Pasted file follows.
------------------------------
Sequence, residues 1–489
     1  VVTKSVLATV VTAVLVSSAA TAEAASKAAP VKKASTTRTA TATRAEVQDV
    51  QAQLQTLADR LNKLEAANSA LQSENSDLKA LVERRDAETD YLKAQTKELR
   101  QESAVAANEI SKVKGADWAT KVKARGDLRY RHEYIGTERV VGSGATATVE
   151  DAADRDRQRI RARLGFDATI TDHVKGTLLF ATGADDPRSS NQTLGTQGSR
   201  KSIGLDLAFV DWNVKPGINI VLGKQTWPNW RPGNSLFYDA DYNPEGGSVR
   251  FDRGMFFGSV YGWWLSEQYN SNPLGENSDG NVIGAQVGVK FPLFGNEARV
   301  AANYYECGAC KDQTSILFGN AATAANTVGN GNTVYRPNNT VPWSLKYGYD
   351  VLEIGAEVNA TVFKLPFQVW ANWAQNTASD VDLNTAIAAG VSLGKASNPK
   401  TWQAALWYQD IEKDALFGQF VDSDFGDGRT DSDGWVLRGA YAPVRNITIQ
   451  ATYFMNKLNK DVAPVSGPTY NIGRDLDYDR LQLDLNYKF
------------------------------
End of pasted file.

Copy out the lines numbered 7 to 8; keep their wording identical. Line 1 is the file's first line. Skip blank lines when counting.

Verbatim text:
   251  FDRGMFFGSV YGWWLSEQYN SNPLGENSDG NVIGAQVGVK FPLFGNEARV
   301  AANYYECGAC KDQTSILFGN AATAANTVGN GNTVYRPNNT VPWSLKYGYD